It is not that Salim Javed did not get ‘inspired’. Seeta Aur Geeta was the role reversal of Dilip Kumar film, Ram Aur Shyam. Zanjeer was from Death Rides A Horse. Sholay was another version of Akira Kurosawa’s Seven Samurai, which has inspired hundreds of film all over the world. Mr India was, of course, Mr X which was inspired from another foreign film. The duo or one of them seemed to be a big fan of thriller writer, James Hadley Chase, since their dialogue reflected this influence.
One of the early victims of plagiarism was producer/composer Hemant Kumar. He produced a film titled Kohra (1964). The film was a remake of a Hollywood film, Alfred Hitchcock’s Rebecca. Foreign films released after a big gap India following their local release and, mainly in a few English knowing cities. And few knew if at all if a particular film was a lift.
When Hemant Kumar sold his film circuit wise, he did not repeat his Punjab distributor of Bees Saal Baad, a major musical-thriller hit. He ratted on the ‘inspiration’ to the original rights owners who in turn sued Hemant Kumar for copyrights violation! That was a rare case since ‘inspirations’ are thriving unabated till date.
Let alone middle rung or small filmmakers. The big ones indulged in this practice too. For instance, Yash Chopra’s swan song, Jab Tak Hai Jaan, was about everything that the Hollywood’s The Hurt Locker was. Kamal Haasan’s Vishwaroopam was highly inspired from the Frederick Forsythe’s novel, The Afghan.
There was a time after the advent of video format. A maker would approach an actor with a set of videos or discs and ask him to watch as one was the first half and the other was the second half of the film!
Coming back to why Hindi film industry has failed to produce a writer of note over so many years! It is simple. We expect a star to draw the audience rather than the content. The stars are paid exorbitant sums while the writers are poorly paid. As result, a one film hit writer accepts multiple assignments while the sun shines on him. As a result, his/her output suffers.
Late producer, B R Chopra, had a team of writers. In his films, no single writer was acknowledged in the film titles. Instead, the story was credited to the B R Films’ Story Department.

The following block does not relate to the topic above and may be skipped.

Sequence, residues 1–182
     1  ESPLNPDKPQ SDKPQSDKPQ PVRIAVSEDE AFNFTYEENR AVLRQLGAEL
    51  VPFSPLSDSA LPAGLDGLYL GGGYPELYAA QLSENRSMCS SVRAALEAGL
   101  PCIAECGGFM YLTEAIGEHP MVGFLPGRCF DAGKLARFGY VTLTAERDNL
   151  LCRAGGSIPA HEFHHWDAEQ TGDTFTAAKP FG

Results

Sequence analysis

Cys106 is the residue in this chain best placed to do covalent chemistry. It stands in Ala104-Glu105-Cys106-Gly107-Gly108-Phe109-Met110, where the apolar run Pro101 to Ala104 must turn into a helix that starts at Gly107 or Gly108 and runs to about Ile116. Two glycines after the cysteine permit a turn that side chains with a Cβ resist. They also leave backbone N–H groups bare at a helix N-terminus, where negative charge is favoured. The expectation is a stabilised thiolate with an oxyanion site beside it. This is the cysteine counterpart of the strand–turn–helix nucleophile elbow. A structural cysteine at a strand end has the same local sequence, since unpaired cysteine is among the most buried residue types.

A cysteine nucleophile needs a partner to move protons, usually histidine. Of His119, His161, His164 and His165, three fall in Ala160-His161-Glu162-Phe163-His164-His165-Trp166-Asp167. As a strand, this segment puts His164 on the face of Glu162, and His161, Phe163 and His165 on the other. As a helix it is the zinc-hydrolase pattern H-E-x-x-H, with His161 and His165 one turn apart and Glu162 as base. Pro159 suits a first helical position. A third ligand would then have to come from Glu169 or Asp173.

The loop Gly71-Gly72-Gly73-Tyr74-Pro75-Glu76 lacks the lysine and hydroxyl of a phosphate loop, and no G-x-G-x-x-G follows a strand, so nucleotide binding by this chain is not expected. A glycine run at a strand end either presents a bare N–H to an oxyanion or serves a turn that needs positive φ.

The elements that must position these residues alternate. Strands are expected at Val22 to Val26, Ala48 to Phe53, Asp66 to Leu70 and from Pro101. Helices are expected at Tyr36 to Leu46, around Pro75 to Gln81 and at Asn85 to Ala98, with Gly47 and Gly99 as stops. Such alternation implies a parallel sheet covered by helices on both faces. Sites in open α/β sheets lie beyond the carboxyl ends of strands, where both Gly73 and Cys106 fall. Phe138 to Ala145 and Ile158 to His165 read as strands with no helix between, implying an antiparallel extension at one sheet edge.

The last story/scriptwriter who did a decent job is Anees Bazmi, who had the neck. He later turned to direction. Some of those who showed promise are Rajat Arora in the film Dirty Picture (2011) but could not live up to the standard he set for himself in his films that followed. Juhi Chaturvedi impressed with Vicky Donor and also did good work with Piku. She may deliver some original ideas if she resists turning into a script machine.
Actually, it is quite tough for copycats now that the electronic media has a worldwide reach. Copying is a bad idea. Better deliver some stuff that goes with the Indian sensibilities.
Just Google Hindi films copied from foreign films. The list will fall out like an overstuffed cupboard!
@ The Box Office
It is rather strange that while a film based on Sanjay Dutt’s life, Sanju, is a big hit having collected over 300 crore, a film starring Dutt himself, Saheb Biwi Aur Gangster, flops miserably just a couple of weeks after Sanju! The film is a disaster at the box office. Having had a poor weekend of 3.3 crore, it just might manage a figure of around 7 crore for its first week.
When it comes to the collections of Dhadak, there is a bit of skepticism. The figures need to be taken with a pinch of salt considering the mixed reactions the film received. The film is expected to add about 17 crore for its second week to take its two week total to 67 crore.
*Sanju should add about five crore in its fifth week to take its five week tally to 335 crore.